UPDATE (with video): Staying safe during a tornado
With the potential for isolated tornadoes in the southeast Monday night into Tuesday morning, here's a reminder of how to stay safe in a severe or tornado-producing storm.
If Paul, David or Nick says there's a Tornado Watch, it means tornadoes are possible and to be ready to take shelter. If they mention a Tornado Warning, it means a tornado is showing up on radar imagery and it is time to seek immediate shelter.
A weather radio's alert functions (once properly programmed) will warn you of severe weather as you sleep.
The Southeast Tennessee Red Cross offers tips on how to stay safe: get a kit, make a plan, be informed.
"If people learn nothing else, it's taking a few minutes of your time now will ensure that you and your family stay safe," said Greg Waite of the American Red Cross. "Hopefullywe walk through all this and it's just an exercise, but we saw what happened in Arkansas and Oklahoma yesterday. We know it's possible. We know we're in that moderate-slight risk."
The Red Cross also suggests to prepare for severe storms and tornadoes, you should:
Listen to local news or a NOAA Weather Radio to stay informed about tornado watches and warnings.
Having a secondary "rabbit ear" antenna system for your TV in the event cable or satellite signal goes down.
Know your community's warning system. Communities have different ways of warning residents about tornados, with many having sirens intended for outdoor warning purposes.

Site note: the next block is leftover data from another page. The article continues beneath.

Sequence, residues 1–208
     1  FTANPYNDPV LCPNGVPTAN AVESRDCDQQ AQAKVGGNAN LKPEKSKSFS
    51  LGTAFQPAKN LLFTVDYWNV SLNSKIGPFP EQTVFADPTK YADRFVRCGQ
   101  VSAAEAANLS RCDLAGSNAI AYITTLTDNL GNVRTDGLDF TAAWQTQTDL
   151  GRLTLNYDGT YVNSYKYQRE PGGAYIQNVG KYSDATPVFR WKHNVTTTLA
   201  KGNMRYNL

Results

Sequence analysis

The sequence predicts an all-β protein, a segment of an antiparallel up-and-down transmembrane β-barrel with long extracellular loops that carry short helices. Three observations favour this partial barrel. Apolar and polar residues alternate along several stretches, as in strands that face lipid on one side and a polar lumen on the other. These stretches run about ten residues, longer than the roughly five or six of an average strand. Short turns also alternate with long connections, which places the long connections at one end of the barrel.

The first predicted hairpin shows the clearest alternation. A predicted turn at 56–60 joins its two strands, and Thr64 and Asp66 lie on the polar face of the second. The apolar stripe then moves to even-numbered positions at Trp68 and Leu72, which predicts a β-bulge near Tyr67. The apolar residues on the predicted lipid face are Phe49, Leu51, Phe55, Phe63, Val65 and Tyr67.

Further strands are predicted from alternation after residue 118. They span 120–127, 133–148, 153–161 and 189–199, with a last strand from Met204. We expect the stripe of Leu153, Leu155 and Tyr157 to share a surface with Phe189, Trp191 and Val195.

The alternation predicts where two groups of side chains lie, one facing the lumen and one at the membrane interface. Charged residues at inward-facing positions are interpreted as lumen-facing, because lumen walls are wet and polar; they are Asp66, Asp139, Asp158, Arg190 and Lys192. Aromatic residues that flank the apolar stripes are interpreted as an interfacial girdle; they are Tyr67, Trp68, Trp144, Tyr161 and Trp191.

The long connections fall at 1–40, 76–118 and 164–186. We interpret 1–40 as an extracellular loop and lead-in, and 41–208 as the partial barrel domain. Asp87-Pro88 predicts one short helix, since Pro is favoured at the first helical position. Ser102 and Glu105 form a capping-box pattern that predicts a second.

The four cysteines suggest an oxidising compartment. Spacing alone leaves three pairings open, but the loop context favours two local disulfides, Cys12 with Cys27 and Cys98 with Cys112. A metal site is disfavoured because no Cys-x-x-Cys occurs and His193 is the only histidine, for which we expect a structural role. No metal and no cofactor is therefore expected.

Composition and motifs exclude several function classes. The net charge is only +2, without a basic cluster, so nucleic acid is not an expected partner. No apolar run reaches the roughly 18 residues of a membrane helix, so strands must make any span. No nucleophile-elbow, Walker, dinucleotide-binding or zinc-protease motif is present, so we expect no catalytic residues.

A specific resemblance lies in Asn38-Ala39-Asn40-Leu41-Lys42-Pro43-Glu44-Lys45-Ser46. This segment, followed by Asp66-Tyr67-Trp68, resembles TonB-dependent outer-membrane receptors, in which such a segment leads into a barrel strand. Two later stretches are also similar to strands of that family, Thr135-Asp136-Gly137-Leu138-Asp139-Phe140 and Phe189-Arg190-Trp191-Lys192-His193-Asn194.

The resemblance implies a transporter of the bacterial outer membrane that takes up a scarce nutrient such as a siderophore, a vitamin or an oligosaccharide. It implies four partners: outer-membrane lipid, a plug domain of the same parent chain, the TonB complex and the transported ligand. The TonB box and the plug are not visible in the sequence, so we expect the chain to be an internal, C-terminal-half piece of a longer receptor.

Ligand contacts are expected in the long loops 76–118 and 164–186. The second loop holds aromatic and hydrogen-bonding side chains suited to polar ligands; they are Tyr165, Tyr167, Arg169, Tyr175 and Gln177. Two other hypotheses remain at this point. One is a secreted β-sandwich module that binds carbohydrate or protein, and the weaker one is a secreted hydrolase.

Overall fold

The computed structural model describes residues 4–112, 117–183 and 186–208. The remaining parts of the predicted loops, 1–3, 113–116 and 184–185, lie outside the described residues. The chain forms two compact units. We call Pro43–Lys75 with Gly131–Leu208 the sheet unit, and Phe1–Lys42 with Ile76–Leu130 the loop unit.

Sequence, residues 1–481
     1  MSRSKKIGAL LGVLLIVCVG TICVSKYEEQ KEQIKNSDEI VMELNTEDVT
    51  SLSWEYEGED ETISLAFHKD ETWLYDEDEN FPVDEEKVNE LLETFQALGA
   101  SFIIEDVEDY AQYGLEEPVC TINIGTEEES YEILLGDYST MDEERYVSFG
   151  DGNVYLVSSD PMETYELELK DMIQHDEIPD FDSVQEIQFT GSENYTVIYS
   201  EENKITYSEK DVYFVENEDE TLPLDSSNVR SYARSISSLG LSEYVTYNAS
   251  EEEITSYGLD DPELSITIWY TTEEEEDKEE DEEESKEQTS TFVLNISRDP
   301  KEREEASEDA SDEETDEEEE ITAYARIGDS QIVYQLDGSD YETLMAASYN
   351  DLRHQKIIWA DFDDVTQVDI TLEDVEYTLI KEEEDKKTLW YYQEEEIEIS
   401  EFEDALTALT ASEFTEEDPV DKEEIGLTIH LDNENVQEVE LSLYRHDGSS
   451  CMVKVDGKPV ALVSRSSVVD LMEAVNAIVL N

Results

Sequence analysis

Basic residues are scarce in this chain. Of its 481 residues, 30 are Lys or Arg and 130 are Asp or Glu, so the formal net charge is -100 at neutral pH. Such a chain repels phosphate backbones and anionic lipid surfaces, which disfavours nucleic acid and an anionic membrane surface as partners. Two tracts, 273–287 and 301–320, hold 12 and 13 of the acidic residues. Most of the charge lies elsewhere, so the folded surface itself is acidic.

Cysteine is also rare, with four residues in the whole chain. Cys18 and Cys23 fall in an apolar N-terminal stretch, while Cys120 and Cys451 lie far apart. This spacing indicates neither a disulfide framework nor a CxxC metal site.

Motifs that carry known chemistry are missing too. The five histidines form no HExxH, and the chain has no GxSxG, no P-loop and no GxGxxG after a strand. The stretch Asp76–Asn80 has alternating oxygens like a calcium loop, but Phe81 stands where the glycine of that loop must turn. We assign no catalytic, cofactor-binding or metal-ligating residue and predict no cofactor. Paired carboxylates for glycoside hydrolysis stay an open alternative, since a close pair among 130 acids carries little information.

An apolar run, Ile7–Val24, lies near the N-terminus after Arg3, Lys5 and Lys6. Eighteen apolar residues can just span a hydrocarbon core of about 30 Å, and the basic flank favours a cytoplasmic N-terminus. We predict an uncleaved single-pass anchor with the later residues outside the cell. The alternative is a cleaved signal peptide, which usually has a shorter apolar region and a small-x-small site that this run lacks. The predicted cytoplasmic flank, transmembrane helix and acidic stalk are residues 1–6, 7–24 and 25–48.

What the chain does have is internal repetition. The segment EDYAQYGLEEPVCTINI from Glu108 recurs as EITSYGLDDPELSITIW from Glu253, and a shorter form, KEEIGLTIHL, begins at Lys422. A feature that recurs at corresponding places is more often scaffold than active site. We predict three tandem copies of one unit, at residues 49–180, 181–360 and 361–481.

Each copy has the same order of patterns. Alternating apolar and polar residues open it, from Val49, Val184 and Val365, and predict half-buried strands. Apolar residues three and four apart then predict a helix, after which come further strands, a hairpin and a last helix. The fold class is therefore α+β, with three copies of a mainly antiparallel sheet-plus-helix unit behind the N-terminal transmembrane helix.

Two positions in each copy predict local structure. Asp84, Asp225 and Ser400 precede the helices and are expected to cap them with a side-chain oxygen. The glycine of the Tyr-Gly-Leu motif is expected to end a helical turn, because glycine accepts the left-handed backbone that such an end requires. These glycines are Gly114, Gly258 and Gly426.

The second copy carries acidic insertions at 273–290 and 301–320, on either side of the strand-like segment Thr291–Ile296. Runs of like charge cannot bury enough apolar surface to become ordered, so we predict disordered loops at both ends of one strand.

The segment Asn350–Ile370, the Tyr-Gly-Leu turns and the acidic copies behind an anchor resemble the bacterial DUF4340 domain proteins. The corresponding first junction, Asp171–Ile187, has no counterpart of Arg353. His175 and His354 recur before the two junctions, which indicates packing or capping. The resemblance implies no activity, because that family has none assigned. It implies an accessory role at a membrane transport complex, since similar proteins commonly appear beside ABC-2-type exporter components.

Pick a safe room in your home where household members and pets may gather during a tornado. This should be a basement, storm cellar or an interior room on the lowest floor with no windows.
Practice periodic tornado drills so that everyone knows what to do if a tornado is approaching.
Consider having your safe room reinforced. Plans for reinforcing an interior room to provide better protection can be found on the FEMA web site.
Prepare for high winds by removing diseased and damaged limbs from trees.
Move or secure lawn furniture, trash cans, hanging plants or anything else that can be picked up by the wind and become a projectile.
Watch for tornado danger signs:
Dark, often greenish clouds – a phenomenon caused by hail
Wall cloud – an isolated lowering of the base of a thunderstorm
Cloud of debris
Funnel cloud – a visible rotating extension of the cloud base